image.thumb.png.80c693820bfb1b083077d37c928aba70.png

Big rolls of mat

image.png.514423394f6772e5dea7d708d57012c5.png

Tough to get a consistent gelcoat thickness when it is brushed on like this

image.png.7ba0a238dbdc7d0b4450b2818ab678c3.png

guy with sander (lots of them in the video) fixing a part. No he is not sanding a mold.

image.png.491e4e02fb0ae2b920e02b816c33a664.png

 

 

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4 hours ago, Performance Multis said:
The previous owner of the Bañuls 60 # 2 Catamaran Dragon that won the Multihull Cup in Palma in 2019 alerted me about this post. I am the owner of the Bañuls 60#1 Mach². We both know that the Bañuls 60 is a catamaran we feel safe pushing hard.
During the Hong Kong Vietnam Race 2013, we were sailing under genaker above 25 knots for hours and touched 30+ a few times. The 3 professional sailors on board (Orma 60, Multi 50, Ultim, America’s Cup experience) never had any doubt in the boat's ability to sail fast and safe.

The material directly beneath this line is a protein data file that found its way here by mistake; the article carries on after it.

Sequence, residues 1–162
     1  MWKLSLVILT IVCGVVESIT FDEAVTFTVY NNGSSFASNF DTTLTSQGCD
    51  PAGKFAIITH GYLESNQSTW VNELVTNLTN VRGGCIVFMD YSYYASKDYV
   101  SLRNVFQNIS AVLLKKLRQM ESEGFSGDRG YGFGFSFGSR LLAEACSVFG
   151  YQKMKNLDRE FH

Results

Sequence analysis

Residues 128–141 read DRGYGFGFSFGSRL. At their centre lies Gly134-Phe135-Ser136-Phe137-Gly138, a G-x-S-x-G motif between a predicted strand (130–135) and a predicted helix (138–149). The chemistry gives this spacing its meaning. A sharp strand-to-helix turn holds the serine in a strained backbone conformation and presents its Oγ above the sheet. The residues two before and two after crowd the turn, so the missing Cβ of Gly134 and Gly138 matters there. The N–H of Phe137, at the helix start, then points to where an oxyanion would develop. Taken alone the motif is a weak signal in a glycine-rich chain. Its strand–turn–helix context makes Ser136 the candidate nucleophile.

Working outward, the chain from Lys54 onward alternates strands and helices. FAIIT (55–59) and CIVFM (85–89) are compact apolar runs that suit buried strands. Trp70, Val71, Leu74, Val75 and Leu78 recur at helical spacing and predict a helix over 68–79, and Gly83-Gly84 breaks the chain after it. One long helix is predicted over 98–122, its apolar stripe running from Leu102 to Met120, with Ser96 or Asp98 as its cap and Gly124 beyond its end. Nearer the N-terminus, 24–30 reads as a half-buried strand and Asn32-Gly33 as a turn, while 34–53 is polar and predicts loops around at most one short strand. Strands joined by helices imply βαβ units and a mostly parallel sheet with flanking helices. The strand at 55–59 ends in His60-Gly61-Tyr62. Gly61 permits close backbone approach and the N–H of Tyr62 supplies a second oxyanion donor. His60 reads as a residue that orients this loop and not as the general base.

A tough trimaran would be the ñ53 FINN designed by Renaud Bañuls the architect heavily involved in the design of the latest Sodebo Ultim
 
Video here 
 

Love these boats , just  wish a few more of them were built.

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6 hours ago, eric1207 said:

Wess said:  Well I will put in a plug for the Corsair F27. Wasn’t built to cross oceans but it has and wasn’t built to race but it does and it does in the formula version with far more sail area than the structure was designed to carry (screachers, asym, and square top mains). I raced mine in 0.6 to over 60 knots of wind and in solid and steady 30 and 40 knots multiple times. That boat could for sure and did take more than me or the rest of the crew. 

I think we'd like to hear the 60 knot story, or a link as I imagine you've told elsewhere.  Gads, that's survival.

Nothing special and I don’t want to distract for a good and interesting thread. PM me if you want further details. Than following.